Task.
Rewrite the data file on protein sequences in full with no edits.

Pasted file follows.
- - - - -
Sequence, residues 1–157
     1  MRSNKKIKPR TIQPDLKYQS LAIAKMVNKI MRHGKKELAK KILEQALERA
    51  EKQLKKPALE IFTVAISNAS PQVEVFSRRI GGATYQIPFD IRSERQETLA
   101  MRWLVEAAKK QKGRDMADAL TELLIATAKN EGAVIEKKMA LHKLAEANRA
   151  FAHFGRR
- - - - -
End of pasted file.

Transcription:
Sequence, residues 1–157
     1  MRSNKKIKPR TIQPDLKYQS LAIAKMVNKI MRHGKKELAK KILEQALERA
    51  EKQLKKPALE IFTVAISNAS PQVEVFSRRI GGATYQIPFD IRSERQETLA
   101  MRWLVEAAKK QKGRDMADAL TELLIATAKN EGAVIEKKMA LHKLAEANRA
   151  FAHFGRR